The Golden Dragon Acrobats

Sept. 19, 2013

Founders Hall

Purchase tickets online at tickets.bluffton.edu

Discounted tickets are available for this event only  for groups of  high school students--
$5 per person for groups of up to 10 and $3 per person for groups of more than 10. 
Contact Nancy  Glick at glickn@bluffton.edu for group ticket sales.
General admission tickets for bleacher seats will be available at the door for $5 for ages 6 and up.

The Golden Dragon Acrobats represent the best of a time honored tradition that began more than 25 centuries ago. The Golden Dragons are recognized throughout the United States and abroad as the premiere Chinese acrobatic touring company of today.

World renowned impresario Danny Chang and choreographer Angela Chang combine award-winning acrobatics, traditional dance, spectacular costumes, ancient and contemporary music and theatrical techniques to present a show of breathtaking skill and spellbinding beauty.

In November 2005, the Golden Dragon Acrobats made their Broadway debut to a sold out audience at the New Victory Theater. Their Broadway run over the next six weeks was highlighted by the Golden Dragons receiving two most prestigious New York Drama Desk nominations - Danny Chang for Unique Theatrical Experience and Angela Chang for Best Choreography.

The Golden Dragons have traveled around the world to all 50 states and to over 65 countries on five continents. The members of the current touring company, hailing from Hebei, China, have performed in all 48 lower U.S. states within the last four years to sold-out audiences in nearly every major market in the country. The Golden Dragons remain the ONLY Chinese acrobatic company touring year-round in the United States.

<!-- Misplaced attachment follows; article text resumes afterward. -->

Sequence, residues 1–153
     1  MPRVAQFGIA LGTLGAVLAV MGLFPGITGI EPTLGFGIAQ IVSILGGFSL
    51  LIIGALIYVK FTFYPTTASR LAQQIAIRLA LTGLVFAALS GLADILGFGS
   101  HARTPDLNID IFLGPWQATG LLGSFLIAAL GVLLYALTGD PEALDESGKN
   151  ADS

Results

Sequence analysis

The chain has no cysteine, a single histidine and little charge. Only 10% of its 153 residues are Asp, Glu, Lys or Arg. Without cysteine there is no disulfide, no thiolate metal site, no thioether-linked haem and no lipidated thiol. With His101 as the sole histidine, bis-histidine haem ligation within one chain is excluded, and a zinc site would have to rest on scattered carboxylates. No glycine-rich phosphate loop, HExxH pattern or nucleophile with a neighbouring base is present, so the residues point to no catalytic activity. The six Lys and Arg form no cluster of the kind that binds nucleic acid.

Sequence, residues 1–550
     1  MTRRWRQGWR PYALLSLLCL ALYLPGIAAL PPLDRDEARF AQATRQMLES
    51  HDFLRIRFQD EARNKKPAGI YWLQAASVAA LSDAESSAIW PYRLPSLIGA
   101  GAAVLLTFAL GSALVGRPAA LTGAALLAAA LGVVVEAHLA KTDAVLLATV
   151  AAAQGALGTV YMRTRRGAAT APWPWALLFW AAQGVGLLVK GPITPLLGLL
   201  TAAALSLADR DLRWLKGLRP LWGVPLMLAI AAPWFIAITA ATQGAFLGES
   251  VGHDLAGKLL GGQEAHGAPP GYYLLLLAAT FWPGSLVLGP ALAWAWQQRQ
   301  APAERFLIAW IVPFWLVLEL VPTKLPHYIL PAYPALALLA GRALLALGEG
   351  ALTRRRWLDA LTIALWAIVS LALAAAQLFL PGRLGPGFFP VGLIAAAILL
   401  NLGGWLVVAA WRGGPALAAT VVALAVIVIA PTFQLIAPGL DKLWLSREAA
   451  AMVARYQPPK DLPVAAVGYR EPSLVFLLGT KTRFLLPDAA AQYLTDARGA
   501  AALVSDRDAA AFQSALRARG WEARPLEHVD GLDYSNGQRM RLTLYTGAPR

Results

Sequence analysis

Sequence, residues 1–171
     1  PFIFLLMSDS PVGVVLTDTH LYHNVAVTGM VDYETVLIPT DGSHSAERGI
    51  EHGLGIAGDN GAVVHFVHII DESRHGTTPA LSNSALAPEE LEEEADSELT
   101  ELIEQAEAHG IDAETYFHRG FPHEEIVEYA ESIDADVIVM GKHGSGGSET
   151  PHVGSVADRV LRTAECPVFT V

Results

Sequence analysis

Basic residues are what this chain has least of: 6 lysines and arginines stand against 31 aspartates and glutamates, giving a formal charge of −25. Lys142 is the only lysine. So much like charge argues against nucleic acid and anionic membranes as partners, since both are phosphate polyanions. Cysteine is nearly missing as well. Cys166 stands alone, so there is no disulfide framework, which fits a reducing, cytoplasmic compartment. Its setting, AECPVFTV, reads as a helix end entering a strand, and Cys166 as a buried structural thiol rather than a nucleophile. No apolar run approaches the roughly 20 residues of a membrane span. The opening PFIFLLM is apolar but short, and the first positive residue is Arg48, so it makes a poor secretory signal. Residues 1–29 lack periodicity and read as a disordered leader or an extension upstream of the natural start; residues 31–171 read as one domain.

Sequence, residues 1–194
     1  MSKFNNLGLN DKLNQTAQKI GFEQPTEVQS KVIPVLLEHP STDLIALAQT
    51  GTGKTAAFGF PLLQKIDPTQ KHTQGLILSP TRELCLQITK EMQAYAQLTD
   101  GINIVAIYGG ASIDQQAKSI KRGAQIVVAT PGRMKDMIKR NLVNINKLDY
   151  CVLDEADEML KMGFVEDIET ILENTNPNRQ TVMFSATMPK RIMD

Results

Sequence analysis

The ancient art of Chinese Acrobatics is an old and long running tradition that began in China well over two thousand years ago. Over its long and rich history it has developed as one of the most popular art forms among the Chinese people. While many historical records provide evidence for the development of Chinese acrobatics as far back as the Xia Dynasty (4,000 years ago), it is most commonly held that the art form did not become wildly popular until approximately 2,500 years ago when it began to capture the attention of the country's powerful emperors.

During the Warring States Period (475 - 221 BC) acrobatics in China began to evolve from the working lives of its people. Instruments of labor, such as tridents and wicker rings, and articles of daily use such as tables, chairs, jars, plates and bowls began to be used as performance props. This unorganized form of entertainment and leisure eventually evolved into a form of performance that became recognizable to the Chinese people.

During the Han Dynasty (221 BC - 220 AD) these rudimentary acts of acrobatics developed into the "Hundred Plays." More contents and varieties were quick to develop. Musical accompaniment was soon added to the performance as interest in the art form grew among the emperors. During the Tang Dynasty (618 - 907 AD) the number of acrobats greatly increased as the skills of each individual performer slowly began to become much more precise and amazing.

Since these early times, acrobatics have evolved into many forms of performances including dance, opera, martial arts and sports. However, the impact of Chinese acrobatics goes far beyond the boundaries of performance as it has served an important role in the cultural exchange between China and Western nations including the United States. The citizens of China continue to present their acrobatic art for the world today, as it portrays the hard working nature of their people and sets forth an example of the rich traditions of Chinese culture.